"I think the individual guys have done a great job of [taking] a stand or getting behind on whatever they believe in. Nowadays it's obviously a lot easier because of social media...for your voices to be heard," he said. "The NBA supports us doing that....When we leave here (New York), we are obviously going to do something in the community."

Additionally, Wade revealed that he constantly talks to his sons about being "aware."

"My kids...are shielded from the real world. This doesn't happen to every kid in America or across the world," he said. "You try to show them as much as possible. I am an open book with my kids. I don't try to hide them from what's going on in the world; I try to educate them and hopefully one day if they get into a situation they know how to or what not to do." Wade's comments made it clear that NBA All-Star came at the perfect time.

New York City is labeled as one of the greatest cities in the world because the people have proven that they can and will always overcome adversity. The city has undoubtedly produced a lot of basketball talent, and the argument is still up in the air on whether or not it's still the Mecca of Basketball. However, what the NBA All-Star 2015 did do was help to unify a broken city, if only for a short while.

Hot or Not: Celebrity Fashions on the Red Carpet at New York Fashion Week

The fashionistas were out and about during New York Fashion Week S/S 2015.

Ms. Fashionista J presented the follow celebrities that hit the red carpet during New York Fashion Week to give us her take on who was HOT or NOT:

• Angela Simmons
• Joan Small
• Nicki Minaj
• Skylar Duggins
• Tracee Ellis Ross

Tell us who you think was HOT or NOT.

View the Video and Join the Conversation


Brooklyn Nets Point Guard Deron Williams in Dog House

Brooklyn Nets point guard Deron Williams is in the What's The 411Sports Dog House more for his on-court performance than the comments he made about Brooklyn (New York City) in Resident magazine.

Many Brooklyn Nets fans are disappointed with Deron Williams' performance for the past two seasons.

Many feel the Brooklyn Nets could have gone further in the playoffs had Williams been healthy and able to perform better.

Unfortuantely for Williams, the fans don't care about his ankle issues, what they want is performance for his five-year $98 million contract.

Perhaps, the fans will get production out of Williams this season since he has had surgery on both ankles and has been given the green light to play.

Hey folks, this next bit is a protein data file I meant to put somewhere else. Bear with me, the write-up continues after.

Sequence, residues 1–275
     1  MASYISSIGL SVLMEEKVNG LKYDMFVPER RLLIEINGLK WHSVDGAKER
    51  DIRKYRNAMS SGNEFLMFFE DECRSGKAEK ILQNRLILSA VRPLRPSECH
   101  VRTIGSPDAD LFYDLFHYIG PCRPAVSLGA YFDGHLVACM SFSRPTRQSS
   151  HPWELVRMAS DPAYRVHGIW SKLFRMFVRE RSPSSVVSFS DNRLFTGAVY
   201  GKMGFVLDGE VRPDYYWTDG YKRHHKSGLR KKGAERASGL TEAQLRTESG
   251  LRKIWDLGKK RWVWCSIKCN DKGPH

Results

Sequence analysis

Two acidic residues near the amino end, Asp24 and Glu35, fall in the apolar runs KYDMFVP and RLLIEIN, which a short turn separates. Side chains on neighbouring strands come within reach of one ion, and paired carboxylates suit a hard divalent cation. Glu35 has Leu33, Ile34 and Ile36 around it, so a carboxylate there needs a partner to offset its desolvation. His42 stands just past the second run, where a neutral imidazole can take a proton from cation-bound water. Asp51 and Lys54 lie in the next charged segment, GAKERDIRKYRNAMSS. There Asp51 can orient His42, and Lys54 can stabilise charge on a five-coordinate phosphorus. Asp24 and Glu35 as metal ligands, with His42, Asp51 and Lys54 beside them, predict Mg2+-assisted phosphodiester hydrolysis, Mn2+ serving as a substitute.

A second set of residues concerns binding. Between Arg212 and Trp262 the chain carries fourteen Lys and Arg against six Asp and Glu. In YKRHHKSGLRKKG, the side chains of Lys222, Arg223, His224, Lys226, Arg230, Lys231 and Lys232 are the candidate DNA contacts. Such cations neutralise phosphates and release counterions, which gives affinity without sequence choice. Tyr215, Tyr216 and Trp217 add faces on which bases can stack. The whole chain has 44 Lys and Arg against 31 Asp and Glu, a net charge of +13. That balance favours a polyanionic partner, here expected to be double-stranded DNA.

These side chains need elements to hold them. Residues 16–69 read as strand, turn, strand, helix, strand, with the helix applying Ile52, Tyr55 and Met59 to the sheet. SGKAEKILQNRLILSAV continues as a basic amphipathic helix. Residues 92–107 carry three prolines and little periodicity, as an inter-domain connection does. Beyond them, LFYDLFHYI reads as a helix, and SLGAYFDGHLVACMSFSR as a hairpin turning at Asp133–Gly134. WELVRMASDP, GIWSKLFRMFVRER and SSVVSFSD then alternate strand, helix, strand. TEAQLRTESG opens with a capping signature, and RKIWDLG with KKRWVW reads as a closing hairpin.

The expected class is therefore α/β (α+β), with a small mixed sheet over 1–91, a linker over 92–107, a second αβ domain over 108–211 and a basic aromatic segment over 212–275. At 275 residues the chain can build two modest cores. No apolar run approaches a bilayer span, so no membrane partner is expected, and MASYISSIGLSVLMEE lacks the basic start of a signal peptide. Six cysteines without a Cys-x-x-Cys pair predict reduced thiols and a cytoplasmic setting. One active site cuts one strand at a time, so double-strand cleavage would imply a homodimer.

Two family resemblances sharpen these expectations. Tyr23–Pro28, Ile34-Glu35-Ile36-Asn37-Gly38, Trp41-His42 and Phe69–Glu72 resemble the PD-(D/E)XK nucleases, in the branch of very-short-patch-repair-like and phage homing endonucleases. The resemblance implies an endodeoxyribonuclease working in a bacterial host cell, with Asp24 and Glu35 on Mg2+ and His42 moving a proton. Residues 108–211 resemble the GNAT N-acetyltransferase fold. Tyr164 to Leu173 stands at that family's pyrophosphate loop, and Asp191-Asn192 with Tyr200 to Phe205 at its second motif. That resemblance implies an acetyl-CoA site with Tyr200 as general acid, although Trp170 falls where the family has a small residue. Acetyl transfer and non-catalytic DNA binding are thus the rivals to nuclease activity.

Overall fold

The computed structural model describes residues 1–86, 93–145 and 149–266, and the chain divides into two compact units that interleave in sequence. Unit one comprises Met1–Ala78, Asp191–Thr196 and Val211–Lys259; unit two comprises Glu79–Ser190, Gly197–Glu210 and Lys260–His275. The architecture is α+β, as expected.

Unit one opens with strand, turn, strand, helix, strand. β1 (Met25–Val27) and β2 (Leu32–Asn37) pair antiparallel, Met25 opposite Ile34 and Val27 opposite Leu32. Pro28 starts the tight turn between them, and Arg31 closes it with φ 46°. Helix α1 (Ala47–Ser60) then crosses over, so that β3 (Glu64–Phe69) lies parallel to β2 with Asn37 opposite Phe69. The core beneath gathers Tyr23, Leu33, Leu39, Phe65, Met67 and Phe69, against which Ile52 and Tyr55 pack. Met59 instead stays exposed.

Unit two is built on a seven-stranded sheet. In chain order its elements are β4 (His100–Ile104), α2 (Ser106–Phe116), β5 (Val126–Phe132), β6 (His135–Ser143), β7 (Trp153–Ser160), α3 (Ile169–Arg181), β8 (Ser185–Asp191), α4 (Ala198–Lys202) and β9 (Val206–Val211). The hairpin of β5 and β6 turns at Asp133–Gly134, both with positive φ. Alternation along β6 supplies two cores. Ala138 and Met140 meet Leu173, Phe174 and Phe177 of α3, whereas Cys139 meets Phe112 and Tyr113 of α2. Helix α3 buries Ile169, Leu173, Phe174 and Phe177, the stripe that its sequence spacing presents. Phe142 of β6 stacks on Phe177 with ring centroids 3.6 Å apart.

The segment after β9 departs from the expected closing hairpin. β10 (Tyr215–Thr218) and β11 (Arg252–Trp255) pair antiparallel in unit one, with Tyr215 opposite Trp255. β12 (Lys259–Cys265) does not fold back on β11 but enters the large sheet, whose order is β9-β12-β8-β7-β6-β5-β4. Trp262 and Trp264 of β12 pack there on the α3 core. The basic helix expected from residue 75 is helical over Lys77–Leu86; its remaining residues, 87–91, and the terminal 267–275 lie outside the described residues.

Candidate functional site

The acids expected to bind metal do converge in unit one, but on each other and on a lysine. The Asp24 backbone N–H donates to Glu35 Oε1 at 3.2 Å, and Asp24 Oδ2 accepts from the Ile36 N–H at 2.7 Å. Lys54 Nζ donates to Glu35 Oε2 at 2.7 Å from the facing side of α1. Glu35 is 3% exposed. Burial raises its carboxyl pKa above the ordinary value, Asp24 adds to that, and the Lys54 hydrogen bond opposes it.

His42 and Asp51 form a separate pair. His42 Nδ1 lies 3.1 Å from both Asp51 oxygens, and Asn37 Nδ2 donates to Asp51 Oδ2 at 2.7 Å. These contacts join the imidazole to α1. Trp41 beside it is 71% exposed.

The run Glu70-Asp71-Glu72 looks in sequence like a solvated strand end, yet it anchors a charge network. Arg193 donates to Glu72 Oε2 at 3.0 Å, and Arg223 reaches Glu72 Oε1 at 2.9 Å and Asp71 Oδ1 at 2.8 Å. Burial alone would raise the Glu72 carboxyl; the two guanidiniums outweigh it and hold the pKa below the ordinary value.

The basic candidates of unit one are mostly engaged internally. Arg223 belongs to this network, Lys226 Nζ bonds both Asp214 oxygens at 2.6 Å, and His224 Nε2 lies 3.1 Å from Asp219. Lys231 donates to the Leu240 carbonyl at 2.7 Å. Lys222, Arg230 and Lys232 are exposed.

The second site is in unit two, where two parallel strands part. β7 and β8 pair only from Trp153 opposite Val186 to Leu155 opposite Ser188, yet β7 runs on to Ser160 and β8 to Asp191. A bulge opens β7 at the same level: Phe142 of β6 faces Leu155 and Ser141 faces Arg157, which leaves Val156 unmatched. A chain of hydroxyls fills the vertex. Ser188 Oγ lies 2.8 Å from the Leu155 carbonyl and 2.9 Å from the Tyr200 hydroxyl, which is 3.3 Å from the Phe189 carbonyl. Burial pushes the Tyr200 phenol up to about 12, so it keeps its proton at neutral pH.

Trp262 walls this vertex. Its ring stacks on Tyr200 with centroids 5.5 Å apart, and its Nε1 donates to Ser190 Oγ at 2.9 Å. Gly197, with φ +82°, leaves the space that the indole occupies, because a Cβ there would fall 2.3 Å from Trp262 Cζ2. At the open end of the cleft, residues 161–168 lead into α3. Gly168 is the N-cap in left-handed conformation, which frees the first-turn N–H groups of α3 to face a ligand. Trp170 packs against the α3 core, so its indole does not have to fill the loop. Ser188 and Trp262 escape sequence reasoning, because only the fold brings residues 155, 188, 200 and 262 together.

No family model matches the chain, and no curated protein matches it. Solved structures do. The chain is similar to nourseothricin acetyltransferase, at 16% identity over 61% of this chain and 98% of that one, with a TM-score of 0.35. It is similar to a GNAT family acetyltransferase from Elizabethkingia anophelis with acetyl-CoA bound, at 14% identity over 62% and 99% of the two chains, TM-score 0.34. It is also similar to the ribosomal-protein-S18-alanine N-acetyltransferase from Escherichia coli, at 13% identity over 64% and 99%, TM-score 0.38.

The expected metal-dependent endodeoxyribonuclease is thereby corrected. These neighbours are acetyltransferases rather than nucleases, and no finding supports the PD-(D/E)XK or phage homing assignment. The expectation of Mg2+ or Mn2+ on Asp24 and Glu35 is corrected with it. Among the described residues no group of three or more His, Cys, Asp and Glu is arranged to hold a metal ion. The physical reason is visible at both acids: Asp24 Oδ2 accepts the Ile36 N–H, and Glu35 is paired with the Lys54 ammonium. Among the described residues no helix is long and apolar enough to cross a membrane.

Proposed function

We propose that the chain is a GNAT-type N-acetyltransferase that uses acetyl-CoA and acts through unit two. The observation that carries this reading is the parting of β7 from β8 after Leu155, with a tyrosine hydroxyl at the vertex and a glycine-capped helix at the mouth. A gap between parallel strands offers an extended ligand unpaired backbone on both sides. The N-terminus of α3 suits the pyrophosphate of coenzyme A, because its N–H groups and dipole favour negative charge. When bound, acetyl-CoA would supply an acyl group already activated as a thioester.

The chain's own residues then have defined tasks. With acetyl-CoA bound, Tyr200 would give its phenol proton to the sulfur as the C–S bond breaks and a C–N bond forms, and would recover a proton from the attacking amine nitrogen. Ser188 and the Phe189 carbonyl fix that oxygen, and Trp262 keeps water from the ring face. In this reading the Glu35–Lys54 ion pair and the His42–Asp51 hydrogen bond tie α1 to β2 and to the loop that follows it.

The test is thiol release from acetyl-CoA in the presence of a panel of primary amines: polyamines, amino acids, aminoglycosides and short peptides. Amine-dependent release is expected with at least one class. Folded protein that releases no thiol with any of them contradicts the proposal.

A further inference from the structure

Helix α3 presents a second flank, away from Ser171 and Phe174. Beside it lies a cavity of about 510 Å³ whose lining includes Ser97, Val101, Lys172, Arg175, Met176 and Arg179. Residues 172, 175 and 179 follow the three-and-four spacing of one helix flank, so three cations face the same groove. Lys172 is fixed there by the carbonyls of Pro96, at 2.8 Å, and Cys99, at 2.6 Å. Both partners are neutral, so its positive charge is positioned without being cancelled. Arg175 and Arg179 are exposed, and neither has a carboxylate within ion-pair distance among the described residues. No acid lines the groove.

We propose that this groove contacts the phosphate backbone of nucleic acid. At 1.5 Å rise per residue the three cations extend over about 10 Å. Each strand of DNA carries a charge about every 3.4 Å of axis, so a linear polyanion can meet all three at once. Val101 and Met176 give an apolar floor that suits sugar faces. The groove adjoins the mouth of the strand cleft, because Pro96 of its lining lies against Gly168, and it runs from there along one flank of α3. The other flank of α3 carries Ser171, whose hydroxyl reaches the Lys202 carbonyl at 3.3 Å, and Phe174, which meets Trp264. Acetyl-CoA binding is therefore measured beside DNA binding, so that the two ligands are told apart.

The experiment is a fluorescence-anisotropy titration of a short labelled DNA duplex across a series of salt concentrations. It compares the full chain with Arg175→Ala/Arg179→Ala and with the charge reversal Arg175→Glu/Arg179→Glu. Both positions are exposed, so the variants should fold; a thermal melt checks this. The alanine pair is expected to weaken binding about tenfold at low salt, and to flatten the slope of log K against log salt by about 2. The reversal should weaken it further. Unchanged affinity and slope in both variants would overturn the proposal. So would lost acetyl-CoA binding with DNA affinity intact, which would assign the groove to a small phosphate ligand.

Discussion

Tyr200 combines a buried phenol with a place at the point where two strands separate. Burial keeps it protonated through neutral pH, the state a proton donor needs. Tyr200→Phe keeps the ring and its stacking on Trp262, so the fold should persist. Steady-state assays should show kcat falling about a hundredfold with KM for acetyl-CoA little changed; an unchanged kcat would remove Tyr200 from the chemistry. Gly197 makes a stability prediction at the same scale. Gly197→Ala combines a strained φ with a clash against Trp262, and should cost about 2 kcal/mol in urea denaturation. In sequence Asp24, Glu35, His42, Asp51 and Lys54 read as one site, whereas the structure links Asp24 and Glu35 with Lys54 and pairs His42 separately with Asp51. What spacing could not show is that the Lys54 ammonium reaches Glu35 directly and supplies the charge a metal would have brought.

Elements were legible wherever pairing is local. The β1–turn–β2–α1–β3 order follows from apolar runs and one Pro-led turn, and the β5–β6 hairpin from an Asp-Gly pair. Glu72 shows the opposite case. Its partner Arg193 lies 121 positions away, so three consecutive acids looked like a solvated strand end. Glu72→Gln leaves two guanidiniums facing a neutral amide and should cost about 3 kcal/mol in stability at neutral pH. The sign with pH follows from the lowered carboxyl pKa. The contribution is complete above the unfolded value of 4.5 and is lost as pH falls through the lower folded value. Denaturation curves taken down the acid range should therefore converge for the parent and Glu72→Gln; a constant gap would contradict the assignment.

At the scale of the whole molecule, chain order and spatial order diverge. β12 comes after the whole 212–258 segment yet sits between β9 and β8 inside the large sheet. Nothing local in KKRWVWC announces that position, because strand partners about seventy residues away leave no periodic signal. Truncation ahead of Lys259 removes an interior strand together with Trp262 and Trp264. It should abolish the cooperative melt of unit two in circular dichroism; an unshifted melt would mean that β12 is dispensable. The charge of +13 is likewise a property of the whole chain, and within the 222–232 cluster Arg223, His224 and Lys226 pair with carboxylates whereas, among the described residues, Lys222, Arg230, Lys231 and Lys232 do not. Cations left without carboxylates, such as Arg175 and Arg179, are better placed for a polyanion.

For Williams' adjustment to NYC, he admits to having a hard time adjusting to life in New York, saying "I don't really feel like a New Yorker."

"I grew up in an apartment in Texas where you could send your kids outside like, 'Yeah, go play in the sun.' Here it's more challenging," Williams said.

Williams lives in a fabulous pad in the Tribeca (Triangle Below Canal Street) area in Manhattan, which is home to Robert DeNiro and the Tribeca Film Festival.

It is asphalt and concrete and a far cry from Utah or parts of Brooklyn, Queens, Westchester, Nassau or Suffolk counties areas in New York with trees and grass.

For a person who likes grass and outdoor living, why Tribeca over areas he finds more favorable?

Just asking?

New York FC Soccer Club Adds Two Euro Players to its Roster

The New York FC Soccer Club signed two well-established Euro stars in Spanish striker David Villa and Chelsea mid-fielder Frank Lampard.

Will soccer ever steal headlines in New York City?

Will soccer ever become as popular in the U.S. as it is around the world?

Also is there an American that could have been drafted first?

Watch this video, as the What's The 411Sports team weighs in on soccer in NYC.


  • Published in Soccer


With the specter of the New York City mayoral election looming, demonstrators gathered for a march at City Hall last Sunday and demanded that the city invest in neighborhoods still reeling from Superstorm Sandy one year later.